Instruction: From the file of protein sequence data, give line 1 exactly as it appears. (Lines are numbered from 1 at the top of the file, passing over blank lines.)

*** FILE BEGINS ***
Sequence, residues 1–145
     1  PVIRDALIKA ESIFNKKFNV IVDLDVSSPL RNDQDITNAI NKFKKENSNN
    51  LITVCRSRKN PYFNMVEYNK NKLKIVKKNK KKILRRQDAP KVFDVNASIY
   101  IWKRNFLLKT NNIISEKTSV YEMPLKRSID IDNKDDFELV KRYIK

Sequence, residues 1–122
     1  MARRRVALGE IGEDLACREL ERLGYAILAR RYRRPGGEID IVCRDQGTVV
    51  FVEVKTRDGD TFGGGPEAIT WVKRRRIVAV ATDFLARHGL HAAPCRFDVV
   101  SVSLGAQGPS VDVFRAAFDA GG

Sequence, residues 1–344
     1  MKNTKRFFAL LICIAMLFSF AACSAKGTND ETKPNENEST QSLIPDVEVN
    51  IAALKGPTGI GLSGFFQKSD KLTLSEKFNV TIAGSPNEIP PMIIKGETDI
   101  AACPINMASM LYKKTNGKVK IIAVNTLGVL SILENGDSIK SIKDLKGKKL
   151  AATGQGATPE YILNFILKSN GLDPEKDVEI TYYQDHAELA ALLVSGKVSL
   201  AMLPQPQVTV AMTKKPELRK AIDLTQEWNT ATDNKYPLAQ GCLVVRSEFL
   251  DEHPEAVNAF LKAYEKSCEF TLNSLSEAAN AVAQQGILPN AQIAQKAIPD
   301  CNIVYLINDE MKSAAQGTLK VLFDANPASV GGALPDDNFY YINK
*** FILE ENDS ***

Sequence, residues 1–145